Main Location: Markets, Fairs, etc
Inspired to try and make it big at the State Fair, Tom Ruhland, who had been working with pastry at the time, first started to make apple strudel. Though his original plans at the yearly artery-clogger festival fell through, that didn’t stop him in getting behind the wheel to spread the caramelly delight. Now, after picking up a concession trailer in 2002, they can be found trucking around to various events and fairs throughout MN.
As one can tell, Ruhland’s Strudel Haus specializes in, well, Strudal. Evolving from the original Caramel Apple, they now offer both Sweet and Savory versions, the latter including items such as Spinach-Artichoke, Chicken Marinara, and Brat n Saurkraut. Much like any other Fair-like Trailer, there’s also the generic selection of lemonade, floats, and other drinks.
Ever growing, Ruhland’s has added various Farmer’s Markets to their venues; instead of the Truck, however, they bring a freezer filled with pre-formed, frozen logs of their various selections to bring home and cook yourself. This makes a fun opportunity for the customer, however it can be difficult differentiate it from the Truck when figuring out their schedule. When looking at their schedule via website, best to stick with the “Concession” for better luck.
I also hear they have plans to get their Strudels into stores (think they already have a few).
Let’s start with what I got; to me and my cousin’s extreme disappointment, the Caramel Apple was sold out at the time (you could see Tom working on a whole group of them in the background). So instead we got one of the seasonal specials, a “Triple Berry Cream-Cheese” for our sweet and a Bratwurst-Sauerkraut for the savory test. Let me just start off saying that the fillings were pretty darn tasty and satisfying, just like a good homemade pie.
The pastry used was good; a bit disappointingly, they use the same kind for both sweet and savory, would have been nice to see an extra element of specialized dough. They also don’t actually make it themselves, but have it specially prepared by “Best Brands” to their specification; which is smart, considering the volume they need (these strudels are pretty big before cutting, and they do have farmers markets to sell to as well) and the difficulty any decent pastry dough can be.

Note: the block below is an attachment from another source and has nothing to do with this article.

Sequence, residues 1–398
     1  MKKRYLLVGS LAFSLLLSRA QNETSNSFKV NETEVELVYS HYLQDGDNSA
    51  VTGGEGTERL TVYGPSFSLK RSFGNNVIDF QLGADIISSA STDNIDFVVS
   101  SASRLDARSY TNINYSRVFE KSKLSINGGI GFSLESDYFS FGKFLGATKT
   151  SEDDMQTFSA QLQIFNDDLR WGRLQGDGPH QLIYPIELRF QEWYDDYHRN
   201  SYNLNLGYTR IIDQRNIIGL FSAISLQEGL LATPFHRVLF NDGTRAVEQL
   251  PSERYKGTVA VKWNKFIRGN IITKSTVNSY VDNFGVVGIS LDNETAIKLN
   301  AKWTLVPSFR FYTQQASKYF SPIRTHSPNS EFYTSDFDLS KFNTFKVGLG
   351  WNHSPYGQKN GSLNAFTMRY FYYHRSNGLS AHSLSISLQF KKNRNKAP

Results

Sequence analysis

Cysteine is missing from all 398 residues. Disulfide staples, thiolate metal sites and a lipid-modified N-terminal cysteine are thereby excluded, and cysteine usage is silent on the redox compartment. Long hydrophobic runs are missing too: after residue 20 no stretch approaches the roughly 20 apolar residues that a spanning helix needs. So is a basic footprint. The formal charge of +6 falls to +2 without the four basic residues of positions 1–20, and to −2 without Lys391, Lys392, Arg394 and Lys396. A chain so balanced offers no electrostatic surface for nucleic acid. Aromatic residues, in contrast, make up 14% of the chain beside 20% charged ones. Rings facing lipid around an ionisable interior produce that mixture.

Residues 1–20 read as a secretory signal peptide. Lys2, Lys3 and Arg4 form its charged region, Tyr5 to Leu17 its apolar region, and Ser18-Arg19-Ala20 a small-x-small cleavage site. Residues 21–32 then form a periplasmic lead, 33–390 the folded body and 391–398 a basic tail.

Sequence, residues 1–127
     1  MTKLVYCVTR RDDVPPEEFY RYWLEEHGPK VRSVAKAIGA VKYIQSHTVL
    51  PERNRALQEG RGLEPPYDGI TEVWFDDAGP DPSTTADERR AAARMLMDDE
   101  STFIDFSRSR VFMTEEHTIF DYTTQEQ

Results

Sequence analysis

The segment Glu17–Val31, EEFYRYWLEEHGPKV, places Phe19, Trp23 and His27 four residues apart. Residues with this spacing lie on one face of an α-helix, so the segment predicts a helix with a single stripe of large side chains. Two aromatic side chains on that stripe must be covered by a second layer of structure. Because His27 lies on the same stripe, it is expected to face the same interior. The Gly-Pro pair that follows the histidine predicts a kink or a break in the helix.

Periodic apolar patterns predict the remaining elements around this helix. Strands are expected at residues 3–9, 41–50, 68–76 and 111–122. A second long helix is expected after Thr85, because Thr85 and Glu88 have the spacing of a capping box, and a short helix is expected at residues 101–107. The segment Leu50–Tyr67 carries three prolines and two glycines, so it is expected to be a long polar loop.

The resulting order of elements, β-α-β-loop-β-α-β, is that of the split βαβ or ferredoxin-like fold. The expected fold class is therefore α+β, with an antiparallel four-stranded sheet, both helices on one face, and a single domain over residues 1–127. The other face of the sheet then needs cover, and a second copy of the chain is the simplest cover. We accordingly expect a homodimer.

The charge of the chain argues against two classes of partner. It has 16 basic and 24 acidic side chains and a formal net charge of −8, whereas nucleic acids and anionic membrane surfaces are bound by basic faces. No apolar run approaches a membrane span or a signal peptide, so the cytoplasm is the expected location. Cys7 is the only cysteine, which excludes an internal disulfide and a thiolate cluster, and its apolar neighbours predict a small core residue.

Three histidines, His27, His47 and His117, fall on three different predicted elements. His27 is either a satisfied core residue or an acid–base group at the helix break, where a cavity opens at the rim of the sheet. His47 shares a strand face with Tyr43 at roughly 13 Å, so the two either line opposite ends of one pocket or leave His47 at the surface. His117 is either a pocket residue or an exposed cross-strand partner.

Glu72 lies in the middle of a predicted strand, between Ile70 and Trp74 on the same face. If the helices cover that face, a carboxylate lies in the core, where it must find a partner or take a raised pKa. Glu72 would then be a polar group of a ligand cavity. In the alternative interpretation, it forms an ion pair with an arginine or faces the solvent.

Despite its craft and tastiness, though, it isn’t real strudel dough; strudel dough is a special, delicate thing stretched over an entire table and carefully rolled into a single, almost braid-like bundle. The pastry here is cut into large rectangles, stuffed, and rolled over simply. I understand this is a difficult, delicate art, which is why I understand and don’t mind if restaurants get away with it; but when one has any business based purely around Strudel, think they may have to rethink their strategy.
Now… there’s something in particular I REALLY want to say about the food, or at least about a certain item we got. Before I continue, as you can see from this picture, the edge of the order shelf is filled with fun, framed pictures of their menu items. I myself sorta like this, it allows one to see what they’re in store for without wondering if the display is tacky or not. Well, getting on with it, here’s the picture they use for the Brat n Krat:
It comes time when they are about to garnish it, and ask me if I want the mustard on top or side. Of course, I love any good German flavors (why I ordered in first place), especially with a little Dijon or other stoneground mustard, which this picture quite clearly displays. So, of course I want it right on top, my lips already wet from my tongue in anticipation, and what do I get?